Blythe had attacked Harrison for a speech at a Labour conference fringe meeting in which he said he wanted to see the death toll in the industry cut by half. Blythe said industry should aim for zero tolerance.
But Harrison countered: “Unfortunately, it’s not as easy as that, as Mr Blythe should know, especially as his members are those responsible for managing health and safety on construction sites across the country.” Harrison added that he had worked with the quarry industry to set targets with the Health and Safety Executive to reduce the number of accidents in the sector.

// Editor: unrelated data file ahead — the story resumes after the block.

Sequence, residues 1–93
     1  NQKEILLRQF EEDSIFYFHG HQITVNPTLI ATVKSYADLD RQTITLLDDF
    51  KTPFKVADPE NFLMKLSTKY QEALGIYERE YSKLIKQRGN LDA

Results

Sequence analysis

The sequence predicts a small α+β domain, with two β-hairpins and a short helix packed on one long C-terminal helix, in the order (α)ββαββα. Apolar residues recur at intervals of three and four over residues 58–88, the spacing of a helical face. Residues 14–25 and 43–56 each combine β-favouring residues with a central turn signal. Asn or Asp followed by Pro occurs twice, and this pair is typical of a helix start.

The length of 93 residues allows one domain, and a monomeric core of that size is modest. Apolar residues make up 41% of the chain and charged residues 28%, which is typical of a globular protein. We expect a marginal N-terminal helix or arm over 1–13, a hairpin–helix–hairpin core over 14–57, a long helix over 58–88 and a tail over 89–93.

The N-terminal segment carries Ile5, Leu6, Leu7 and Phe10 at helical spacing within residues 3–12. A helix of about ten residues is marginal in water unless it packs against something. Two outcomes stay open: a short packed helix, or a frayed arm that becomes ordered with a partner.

He said: “That section of the industry has set a target, but it is about reducing the number of all accidents, not just fatalities.
“This is not complacency, but a realistic assessment of what is achievable. Training has to be improved and management have to keep on the ball and carry on making progress.” Harrison was formerly chief executive of Tarmac, but quit when it was taken over by mining company Anglo-American last November.